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Sotheby’s Bets Big on Six-Figure Shirin Neshat Video for Qatar Auction

Still from Shirin Neshat's Passage.COURTESY OF SOTHEBY'S

Still from Shirin Neshat’s Passage.

COURTESY SOTHEBY’S

On October 13th, Sotheby’s will put Passage, a 2001 video piece by Iranian artist Shirin Neshat, up for auction at its outpost in Doha, Qatar. Filmed in Essouaria, Morocco, Passage is a single channel work depicting three parts of an Islamic funeral procession moving separately and eventually together. Punctuated by an original Philip Glass soundtrack, the piece has a haunting quality. It is Neshat’s defining work, and the artist’s first video to be sold at auction. Sotheby’s estimates that the piece, taken from The Sender Collection, will fetch between $200,000-300,000.

Sotheby’s will be putting Passage—as well as other works from the likes of Tracy Emin, Lucien Smith and Sterling Ruby—on view at the company’s New York headquarters from September 20-25. “Pictures don’t do justice for a video instillation,” said Aileen Agopian, Sotheby’s International Senior Specialist and one of the specialists in charge of the Doha sale. “We wanted to ensure that interested people all over the world had the opportunity to see it in person, both for the auction and to showcase an important piece.”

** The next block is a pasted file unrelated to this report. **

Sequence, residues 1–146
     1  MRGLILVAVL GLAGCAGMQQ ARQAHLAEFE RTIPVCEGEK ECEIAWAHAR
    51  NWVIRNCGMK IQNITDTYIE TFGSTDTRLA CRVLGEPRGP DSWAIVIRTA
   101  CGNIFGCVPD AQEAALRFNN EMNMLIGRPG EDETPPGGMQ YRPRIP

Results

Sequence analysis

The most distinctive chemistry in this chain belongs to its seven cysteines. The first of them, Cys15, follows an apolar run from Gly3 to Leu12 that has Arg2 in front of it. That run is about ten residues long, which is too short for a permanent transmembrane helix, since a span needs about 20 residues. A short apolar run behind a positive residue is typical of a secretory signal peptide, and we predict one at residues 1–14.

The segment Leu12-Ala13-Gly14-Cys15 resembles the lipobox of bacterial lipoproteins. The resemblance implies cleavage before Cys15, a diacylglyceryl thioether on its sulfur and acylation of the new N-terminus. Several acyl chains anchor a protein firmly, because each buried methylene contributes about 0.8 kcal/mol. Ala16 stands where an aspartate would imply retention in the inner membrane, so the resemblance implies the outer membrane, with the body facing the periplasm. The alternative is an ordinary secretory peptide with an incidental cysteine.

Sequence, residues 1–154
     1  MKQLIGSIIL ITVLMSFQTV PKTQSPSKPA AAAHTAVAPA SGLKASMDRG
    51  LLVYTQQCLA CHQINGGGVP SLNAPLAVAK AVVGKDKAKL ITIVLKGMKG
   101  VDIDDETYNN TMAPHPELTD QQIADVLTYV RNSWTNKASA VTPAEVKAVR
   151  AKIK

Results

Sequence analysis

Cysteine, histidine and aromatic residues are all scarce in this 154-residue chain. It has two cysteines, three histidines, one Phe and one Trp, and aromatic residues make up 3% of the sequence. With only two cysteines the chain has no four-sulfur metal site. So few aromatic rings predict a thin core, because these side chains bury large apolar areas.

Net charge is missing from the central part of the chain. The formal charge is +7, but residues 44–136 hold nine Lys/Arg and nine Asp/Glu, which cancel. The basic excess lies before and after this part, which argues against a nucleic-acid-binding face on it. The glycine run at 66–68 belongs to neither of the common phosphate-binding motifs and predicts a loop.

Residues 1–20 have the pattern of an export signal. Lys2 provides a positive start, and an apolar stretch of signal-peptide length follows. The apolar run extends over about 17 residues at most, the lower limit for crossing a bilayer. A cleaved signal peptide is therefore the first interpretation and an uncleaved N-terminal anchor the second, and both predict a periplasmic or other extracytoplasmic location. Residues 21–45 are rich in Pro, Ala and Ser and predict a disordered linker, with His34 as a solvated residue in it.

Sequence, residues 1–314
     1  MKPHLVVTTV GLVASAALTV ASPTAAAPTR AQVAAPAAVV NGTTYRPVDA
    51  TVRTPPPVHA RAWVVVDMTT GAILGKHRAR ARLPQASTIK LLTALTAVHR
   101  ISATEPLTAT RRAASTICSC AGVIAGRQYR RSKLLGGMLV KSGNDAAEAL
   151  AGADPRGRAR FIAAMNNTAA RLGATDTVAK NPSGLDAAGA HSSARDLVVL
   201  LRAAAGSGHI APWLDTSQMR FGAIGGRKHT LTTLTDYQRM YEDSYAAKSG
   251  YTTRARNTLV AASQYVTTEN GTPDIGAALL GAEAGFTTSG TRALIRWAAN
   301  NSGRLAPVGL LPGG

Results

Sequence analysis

Passage–which exists in an edition of 6 with one artist proof–is already included in collections at The Guggenheim, the Museum of Modern Art in New York and the San Francisco Museum of Modern Art, with two copies of the video in undisclosed private collections. Agopian, who called the work “a momentous and compelling film,” said Sotheby’s “strategically went after” the video to get it in the sale.

Since video, unlike painting and sculpture, has less to do with owning a specific object, it is often rare in an auction setting. A print of Matthew Barney’s Cremaster 2 sold at Sotheby’s in 2007 for $571,000, but it’s more common to see objects and ephemera related to a video work at auction than the video itself. (The potential buyer of Passage will receive a DVD with a signed certificate of authenticity and a “digital beta master clone,” which turns out to be a fancy word for a VHS tape.) Agopian said the tide is turning and “collectors and curators are more open” to seeing video and film sold at auction than they were even five years ago. Other work in the sale includes more traditional auction mainstays like Damien Hirst, whose Tranquility is estimated at $1-1.5 million

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